Cheoptronic controls in it). Other than those two problems, this wasn't a terribly buggy game.
Movement: The navigation system in Riddle of the Sphinx is definitely the biggest impediment to playing or enjoying it, and there's no easy way around
it. It may help to be aware of the three biggest frustrations before going in: First, that only a few locations (maybe one in twenty-five) allow you to pan around freely
and view the area from more than one angle, and that these special locations (called "VR areas" in the game manual) have a completely different set of controls. There is a
"VR area" in the center of Gil's tent, so practice with that for a while to get the hang of it. It's very unintuitive to keep switching back and forth between controls, but the
VR areas are the only places you can reliably look to your left or right as you move, so you'll need to take advantage of them. Second, clicking to the left or right of a screen
does NOT turn you 90 degrees left or right as it does in most games; in nearly every case it turns you around to face the direction you just came from. (There is no
special "turn around" cursor at the bottom of the screen.) If you are expected or permitted to look to either side, there is usually a "VR area" to let you do this.
Unfortunately, there are a few exceptions where you will have to turn to the left or right even though there is no VR area (this is particularly true, and
particularly annoying, in a large maze near the end of the game), so you can't just get away with ignoring the left and right arrows, but just knowing from the outset
that they usually turn you around 180 degrees can save you some frustration and extra wandering. And third, the game will sometimes automatically change your direction for
you when you reach a corner or a dead end. This can really disorient you if you're not expecting it, so keep your eye out. Finally, if you're backtracking past terrain you've
already covered, it's sometimes possible to "warp" all the way back to the next non-useless location by clicking on the especially fat arrow that will sometimes appear.
This arrow will only appear in one special place on your screen, though, and only at some locations, not others. If you're at the far end of some path, it's worth mousing
quickly over the screen to see if there's a fat arrow somewhere that can save you the time of slogging back.
Inventory: This is the second-biggest hassle in Riddle of the Sphinx. There is no way to deposit an object directly into your inventory. Once you pick it up
(you'll see it spinning on the screen, to show that you have it,) press space bar, drag it over to the picture of the backpack, and drop it there. It will then show up in one of the
inventory boxes (you can't drag it directly to a box). To use it again, you have to scroll to the object's inventory box, click on it, and press space bar again to get back to the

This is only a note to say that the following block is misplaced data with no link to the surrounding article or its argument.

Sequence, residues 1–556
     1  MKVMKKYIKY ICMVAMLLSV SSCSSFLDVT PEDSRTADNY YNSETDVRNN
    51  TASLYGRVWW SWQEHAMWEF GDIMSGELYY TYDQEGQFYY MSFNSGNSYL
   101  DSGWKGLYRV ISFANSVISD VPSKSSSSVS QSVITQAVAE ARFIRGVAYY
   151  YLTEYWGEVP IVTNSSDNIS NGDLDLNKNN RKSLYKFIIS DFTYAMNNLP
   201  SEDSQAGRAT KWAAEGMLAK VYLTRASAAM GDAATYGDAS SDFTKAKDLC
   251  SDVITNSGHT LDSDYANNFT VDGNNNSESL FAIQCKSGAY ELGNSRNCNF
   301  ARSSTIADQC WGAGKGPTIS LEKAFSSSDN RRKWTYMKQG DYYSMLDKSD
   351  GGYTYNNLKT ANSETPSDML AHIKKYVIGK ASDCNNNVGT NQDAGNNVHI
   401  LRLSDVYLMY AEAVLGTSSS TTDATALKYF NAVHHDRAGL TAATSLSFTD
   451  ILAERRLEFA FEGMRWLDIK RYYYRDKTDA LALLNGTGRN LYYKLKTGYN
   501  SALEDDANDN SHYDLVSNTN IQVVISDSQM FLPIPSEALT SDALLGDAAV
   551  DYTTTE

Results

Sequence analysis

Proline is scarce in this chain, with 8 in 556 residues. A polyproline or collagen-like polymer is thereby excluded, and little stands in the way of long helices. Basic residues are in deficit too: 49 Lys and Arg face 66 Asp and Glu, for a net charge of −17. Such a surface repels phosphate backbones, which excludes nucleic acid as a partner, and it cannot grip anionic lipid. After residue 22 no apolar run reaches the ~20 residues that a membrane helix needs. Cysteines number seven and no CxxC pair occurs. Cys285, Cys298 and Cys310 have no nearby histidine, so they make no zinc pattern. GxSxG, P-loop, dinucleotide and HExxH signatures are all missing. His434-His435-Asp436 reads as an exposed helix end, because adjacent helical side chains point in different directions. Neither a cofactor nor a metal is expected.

screen. NEVER move around with an object still in your hand if you can help it--it will disappear and go back to wherever you originally found it if you click it on another
object that's able to be picked up. Yes, if you're in the bowels of the Queen's Crypt and try to click an amulet on a stone tablet, you will pick up the tablet and the amulet will
teleport back inside its box in the King's Crypt. Save frequently and never try to use one object on another. Also, there are several important objects you just can't put into your
inventory, for no good reason (Gil's wallet, the starmaps, and the book of matches are the most egregious examples). You can use my
walkthrough to help you distinguish these important but unpocketable clues from the hundreds of useless
objects scattered around the game. There are also some useless items that you can pick up, so you will end the game with some things in your
inventory that you've never used. They are just red herrings; you haven't done anything wrong, or missed anything in the game.
Interface: Your only method of interacting with the gameworld is by clicking on it. There will usually be no indication as to whether
an object is clickable or not; you'll just have to use trial and error (which is frustrating since if you try to click something
non-clickable, the game usually assumes you're trying to step forwards or backwards). On some occasions you will need to click
something and then pull it in the appropriate direction, but this was usually intuitive (pulling a lever down and so forth).
Time Management: Time does not pass in Riddle of the Sphinx, and you can take as long as you like exploring any part of it you choose
in any order you want to. There are two puzzles that cannot be solved during the day, so you'll have to go to sleep to trigger a shift to nighttime. The sun
will never set without proactive action from you.
Problem Spots: Riddle of the Sphinx is not subtitled and one puzzle solution (as well as an important clue to another) can only be obtained
through audio clues, so this is not a game for the hard of hearing or people who can't play with the sound on. There are no dead ends and you can't paint
yourself into any corners. There are a couple of realtime sequences in Riddle of the Sphinx, but they are fairly easy (if not for the wretched navigation system,
they'd be trivial), and can be repeated as often as necessary until they are solved.
It is possible to die in this game; always save before touching stone tablets or approaching snakes. (It's not a bad idea to save before approaching
crocodiles, either, but as far as I know they'll never actually kill you.)
Go on to the walkthrough!